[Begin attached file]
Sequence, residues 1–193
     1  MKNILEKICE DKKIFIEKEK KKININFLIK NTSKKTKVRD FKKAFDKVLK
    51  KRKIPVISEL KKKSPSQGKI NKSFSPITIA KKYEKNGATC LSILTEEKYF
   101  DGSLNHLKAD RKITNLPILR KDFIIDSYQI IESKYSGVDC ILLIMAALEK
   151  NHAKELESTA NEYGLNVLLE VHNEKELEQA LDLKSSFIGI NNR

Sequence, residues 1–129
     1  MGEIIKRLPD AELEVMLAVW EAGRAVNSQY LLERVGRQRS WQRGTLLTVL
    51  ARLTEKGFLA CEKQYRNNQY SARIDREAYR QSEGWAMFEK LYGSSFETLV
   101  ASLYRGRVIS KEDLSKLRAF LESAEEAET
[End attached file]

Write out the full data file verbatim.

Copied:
Sequence, residues 1–193
     1  MKNILEKICE DKKIFIEKEK KKININFLIK NTSKKTKVRD FKKAFDKVLK
    51  KRKIPVISEL KKKSPSQGKI NKSFSPITIA KKYEKNGATC LSILTEEKYF
   101  DGSLNHLKAD RKITNLPILR KDFIIDSYQI IESKYSGVDC ILLIMAALEK
   151  NHAKELESTA NEYGLNVLLE VHNEKELEQA LDLKSSFIGI NNR

Sequence, residues 1–129
     1  MGEIIKRLPD AELEVMLAVW EAGRAVNSQY LLERVGRQRS WQRGTLLTVL
    51  ARLTEKGFLA CEKQYRNNQY SARIDREAYR QSEGWAMFEK LYGSSFETLV
   101  ASLYRGRVIS KEDLSKLRAF LESAEEAET